US 7460592 B2 Abstract There is provided a jitter measuring apparatus for measuring jitter in a signal-under-measurement, having a signal converting section for calculating a spectrum of the signal-under-measurement, a bandwidth calculating section for calculating frequency where a saturation rate of a value of the integrated spectrum of the signal-under-measurement becomes almost equal to a saturation rate set in advance in a band-to-be-measured set in advance as upper cutoff frequency of the band-to-be-measured to calculate the jitter and a jitter calculating section for measuring the jitter in the signal-under-measurement based on the spectaum in the band-to-be-measured of the signal-under-measurement.
Claims(9) 1. A jitter measuring apparatus for measuring jitter in a signal-under-measurement, comprising:
a signal converting section for calculating a spectrum of said signal-under-measurement;
a bandwidth calculating section for calculating band parameters where, for each of a plurality of inclinations of the spectrum, a value of an integrated spectrum of said signal-under-measurement over a determined band-to-be-measured becomes almost equal to an integrated value the spectrum over an entire bandwidth of the signal-to-be-measured; and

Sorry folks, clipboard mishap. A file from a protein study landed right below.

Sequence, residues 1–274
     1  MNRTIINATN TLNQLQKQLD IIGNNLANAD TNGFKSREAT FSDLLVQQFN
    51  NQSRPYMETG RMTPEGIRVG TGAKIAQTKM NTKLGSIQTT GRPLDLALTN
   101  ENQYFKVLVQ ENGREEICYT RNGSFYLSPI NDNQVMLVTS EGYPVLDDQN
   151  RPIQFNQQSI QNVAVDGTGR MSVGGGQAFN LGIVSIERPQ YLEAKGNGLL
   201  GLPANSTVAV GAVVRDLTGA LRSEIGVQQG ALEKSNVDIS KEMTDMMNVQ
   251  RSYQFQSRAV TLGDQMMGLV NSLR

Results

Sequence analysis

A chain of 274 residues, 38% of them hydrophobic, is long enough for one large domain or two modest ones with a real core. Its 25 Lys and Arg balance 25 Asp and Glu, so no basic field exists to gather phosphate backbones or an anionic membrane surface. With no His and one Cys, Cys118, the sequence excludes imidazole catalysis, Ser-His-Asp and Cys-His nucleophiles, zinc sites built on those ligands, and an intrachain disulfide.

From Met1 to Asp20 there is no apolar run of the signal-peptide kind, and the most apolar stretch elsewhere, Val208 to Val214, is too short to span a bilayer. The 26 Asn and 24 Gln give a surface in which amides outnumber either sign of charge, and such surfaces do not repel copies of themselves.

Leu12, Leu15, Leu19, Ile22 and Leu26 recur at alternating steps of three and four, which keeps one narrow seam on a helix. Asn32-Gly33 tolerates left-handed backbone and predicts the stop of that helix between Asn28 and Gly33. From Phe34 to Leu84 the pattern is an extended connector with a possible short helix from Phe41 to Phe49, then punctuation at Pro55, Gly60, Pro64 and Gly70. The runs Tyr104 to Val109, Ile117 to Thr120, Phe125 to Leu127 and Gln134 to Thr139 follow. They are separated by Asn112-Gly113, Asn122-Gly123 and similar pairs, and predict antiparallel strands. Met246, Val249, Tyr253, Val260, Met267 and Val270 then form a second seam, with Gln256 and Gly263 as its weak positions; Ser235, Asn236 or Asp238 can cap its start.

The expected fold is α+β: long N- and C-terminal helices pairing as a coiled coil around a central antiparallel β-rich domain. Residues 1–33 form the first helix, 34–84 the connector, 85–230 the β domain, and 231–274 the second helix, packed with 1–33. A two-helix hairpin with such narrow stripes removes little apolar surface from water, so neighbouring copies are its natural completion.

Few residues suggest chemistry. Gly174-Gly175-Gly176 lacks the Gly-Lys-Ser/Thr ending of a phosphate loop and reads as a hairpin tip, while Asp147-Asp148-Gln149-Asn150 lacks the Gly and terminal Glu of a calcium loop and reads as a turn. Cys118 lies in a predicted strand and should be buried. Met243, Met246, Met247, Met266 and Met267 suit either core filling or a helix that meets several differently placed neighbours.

a jitter calculating section for measuring said jitter in said signal-under-measurement based on said spectrum of each band-to-be-measured of the plurality of inclinations of said signal-under-measurement.
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8. The jitter measuring apparatus as set forth in
9. A jitter measuring method for measuring jitter in a signal-under-measurement, comprising:
a signal converting step of calculating a spectrum of said signal-under-measurement;
a bandwidth calculating step of calculating where, for each of a plurality of inclinations of the spectrum, a value of an integrated spectrum of said signal-under-measurement over a determined band-to-be-measured becomes almost equal to an integrated value of the spectrum over an entire bandwidth of the signal-to-be-measured; and
a jitter calculating step of measuring said jitter in said signal-under-measurement based on said spectrum of each band-to-be-measured of the plurality of inclinations of said signal-under-measurement.